He pointed out that the complainant must be allowed back into the country which refused them only for the purpose of the judicial review and if, due to financial reasons, they are unable to make the trip, they must be facilitated via video conferencing.

    The bulk of these procedures will take place at the airport almost immediately, Comissiong told reporters.

    “Where we need to attach timelines is in relation to the administrative review. But bear in mind that the other things happen immediately at the airport. If the immigration officer decides to refuse you entry, then the senior officer on duty at the airport needs to inform of all of your rights, put the specific reasons for your refusal in writing, and needs to immediately give you access to [a] telephone, family member, consular officer, attorney at law,” Comissiong explained.

    However, he said the details of how the administrative review would work particularly in terms of timing, now have to be “fleshed out” by the various Governments as a matter of urgency.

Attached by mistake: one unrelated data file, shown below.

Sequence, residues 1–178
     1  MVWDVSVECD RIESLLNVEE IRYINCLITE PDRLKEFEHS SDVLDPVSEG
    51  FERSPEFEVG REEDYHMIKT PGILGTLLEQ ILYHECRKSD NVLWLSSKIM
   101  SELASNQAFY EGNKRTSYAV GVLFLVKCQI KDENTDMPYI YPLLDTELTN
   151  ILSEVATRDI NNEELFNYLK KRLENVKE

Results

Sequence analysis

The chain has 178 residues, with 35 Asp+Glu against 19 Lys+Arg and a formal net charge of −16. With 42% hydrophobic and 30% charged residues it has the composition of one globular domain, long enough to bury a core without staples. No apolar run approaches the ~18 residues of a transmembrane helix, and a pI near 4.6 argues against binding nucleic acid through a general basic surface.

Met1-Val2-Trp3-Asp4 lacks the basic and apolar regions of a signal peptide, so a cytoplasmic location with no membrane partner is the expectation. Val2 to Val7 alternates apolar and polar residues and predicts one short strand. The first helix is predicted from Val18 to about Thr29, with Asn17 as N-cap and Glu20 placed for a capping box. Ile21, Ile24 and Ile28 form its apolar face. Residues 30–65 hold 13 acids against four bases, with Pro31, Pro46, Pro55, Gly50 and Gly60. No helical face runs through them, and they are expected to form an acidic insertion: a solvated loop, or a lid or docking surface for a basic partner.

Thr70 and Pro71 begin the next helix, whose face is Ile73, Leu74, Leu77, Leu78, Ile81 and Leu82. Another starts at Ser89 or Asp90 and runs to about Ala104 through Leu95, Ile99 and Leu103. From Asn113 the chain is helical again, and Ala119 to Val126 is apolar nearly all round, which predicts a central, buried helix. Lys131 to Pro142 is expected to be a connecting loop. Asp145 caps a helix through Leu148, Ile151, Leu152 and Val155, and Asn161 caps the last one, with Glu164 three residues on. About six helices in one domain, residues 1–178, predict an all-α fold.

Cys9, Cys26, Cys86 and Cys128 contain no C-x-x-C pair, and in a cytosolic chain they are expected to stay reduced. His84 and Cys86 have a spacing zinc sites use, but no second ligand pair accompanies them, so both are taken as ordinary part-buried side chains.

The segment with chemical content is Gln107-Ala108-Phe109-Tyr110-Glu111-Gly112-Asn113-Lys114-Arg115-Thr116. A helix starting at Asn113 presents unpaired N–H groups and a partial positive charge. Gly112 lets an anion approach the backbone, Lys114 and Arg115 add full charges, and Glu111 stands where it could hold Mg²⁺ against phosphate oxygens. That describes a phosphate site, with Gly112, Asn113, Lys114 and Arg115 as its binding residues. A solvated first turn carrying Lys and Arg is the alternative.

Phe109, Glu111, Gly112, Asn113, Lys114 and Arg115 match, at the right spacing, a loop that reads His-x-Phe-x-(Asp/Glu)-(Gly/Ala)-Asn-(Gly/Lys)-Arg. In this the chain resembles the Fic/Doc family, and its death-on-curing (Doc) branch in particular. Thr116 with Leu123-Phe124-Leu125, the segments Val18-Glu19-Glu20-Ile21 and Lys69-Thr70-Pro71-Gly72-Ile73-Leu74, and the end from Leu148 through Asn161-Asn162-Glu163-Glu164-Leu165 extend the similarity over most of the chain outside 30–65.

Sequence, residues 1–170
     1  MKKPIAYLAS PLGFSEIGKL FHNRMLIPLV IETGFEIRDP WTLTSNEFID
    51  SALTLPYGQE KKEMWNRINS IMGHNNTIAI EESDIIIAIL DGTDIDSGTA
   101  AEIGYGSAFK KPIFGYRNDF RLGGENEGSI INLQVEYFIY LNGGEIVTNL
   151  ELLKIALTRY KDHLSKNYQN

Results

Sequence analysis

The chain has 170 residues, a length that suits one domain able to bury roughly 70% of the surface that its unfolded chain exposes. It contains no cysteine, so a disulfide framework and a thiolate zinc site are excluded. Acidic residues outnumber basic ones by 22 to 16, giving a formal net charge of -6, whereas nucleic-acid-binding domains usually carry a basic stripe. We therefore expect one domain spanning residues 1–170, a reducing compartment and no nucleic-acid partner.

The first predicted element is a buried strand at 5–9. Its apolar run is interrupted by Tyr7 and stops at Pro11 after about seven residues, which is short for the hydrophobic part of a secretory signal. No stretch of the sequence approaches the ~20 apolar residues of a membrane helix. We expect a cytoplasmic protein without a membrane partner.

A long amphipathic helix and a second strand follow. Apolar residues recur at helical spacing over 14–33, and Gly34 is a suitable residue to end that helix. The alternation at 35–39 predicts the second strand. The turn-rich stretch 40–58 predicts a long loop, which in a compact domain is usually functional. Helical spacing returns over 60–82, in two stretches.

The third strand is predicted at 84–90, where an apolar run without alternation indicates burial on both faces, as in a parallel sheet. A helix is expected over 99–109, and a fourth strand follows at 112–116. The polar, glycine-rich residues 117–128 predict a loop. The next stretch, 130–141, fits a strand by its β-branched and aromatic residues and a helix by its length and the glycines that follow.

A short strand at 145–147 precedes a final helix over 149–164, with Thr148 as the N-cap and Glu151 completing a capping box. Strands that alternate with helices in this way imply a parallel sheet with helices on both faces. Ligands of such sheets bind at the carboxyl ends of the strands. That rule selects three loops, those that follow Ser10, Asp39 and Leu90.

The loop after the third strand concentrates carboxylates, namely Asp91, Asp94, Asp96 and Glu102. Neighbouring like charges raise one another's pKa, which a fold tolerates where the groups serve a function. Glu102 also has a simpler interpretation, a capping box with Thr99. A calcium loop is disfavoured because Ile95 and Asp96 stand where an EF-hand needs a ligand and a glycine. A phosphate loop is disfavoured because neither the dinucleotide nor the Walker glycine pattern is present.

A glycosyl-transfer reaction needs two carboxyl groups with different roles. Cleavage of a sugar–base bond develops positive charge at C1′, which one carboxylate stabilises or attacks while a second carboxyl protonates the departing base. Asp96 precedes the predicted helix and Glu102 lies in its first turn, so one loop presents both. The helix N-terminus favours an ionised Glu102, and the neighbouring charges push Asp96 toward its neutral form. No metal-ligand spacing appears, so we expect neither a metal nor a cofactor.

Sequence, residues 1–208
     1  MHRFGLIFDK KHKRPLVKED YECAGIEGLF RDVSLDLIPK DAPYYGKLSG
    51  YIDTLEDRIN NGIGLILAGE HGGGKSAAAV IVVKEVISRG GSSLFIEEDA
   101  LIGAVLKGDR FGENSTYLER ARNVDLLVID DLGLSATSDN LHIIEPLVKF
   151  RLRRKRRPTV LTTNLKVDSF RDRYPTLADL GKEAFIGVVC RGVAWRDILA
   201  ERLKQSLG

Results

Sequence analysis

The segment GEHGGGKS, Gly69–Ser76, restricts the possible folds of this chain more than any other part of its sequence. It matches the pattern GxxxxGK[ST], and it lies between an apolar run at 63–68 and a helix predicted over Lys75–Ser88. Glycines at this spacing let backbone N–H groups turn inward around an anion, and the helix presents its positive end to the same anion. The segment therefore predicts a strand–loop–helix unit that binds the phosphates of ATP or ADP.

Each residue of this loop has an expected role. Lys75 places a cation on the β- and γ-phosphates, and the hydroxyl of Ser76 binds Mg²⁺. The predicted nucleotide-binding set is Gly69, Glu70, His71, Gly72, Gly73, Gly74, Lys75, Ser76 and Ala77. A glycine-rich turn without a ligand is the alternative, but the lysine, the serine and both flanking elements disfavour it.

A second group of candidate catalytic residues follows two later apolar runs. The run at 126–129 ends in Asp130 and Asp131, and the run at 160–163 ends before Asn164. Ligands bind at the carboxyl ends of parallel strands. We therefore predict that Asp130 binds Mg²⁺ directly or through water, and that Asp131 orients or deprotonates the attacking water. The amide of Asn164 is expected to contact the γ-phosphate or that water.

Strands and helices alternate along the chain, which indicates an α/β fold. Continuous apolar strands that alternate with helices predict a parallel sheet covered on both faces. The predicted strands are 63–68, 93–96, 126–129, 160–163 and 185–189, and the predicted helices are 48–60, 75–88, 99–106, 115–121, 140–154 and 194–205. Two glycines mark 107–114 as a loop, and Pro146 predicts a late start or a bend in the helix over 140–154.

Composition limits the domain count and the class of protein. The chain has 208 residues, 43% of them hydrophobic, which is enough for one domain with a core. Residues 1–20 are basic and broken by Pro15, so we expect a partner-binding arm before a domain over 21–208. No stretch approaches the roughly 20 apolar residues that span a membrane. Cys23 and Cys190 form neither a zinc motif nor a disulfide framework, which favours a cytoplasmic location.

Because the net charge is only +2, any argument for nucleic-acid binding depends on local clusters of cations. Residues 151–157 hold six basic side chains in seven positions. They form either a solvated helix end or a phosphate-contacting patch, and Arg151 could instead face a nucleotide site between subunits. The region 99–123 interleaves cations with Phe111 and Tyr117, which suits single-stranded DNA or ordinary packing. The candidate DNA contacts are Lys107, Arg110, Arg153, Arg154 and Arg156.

Comissiong pointed out that the Revised Treaty of Chaguaramas states that a CARICOM national can only be refused entry to another’s country on the grounds of having insufficient funds to maintain themselves and could become a burden on the state, or if they posed a serious threat to public safety.

    The fourth decision which he placed on the table was that all Haitians should now enjoy the full rights of the other CARICOM members including not requiring visas to entry Caribbean countries. (EJ)


  • @David
    This is groundbreaking and significant. Unfortunately most of the public do not zero in on these developments until all “dem people” start showing up on “our” doorstep.

    Just observing


  • @Observing

    Cannot agree more. It speaks to the morass, abyss, chasm of going no where fast as a region.


  • This is visionary and noble. I hope they can match these words with real action.


  • @David August 24, 2018 6:32 PM

    Just the latest scheme for transferring the RIF REF from socialistic jurisdictions of low wealth to socialistic jurisdications of more wealth. Eventually everyone will be reduced to Haiti’s standards. Commy DAVID COMISSIONG ultimate goal.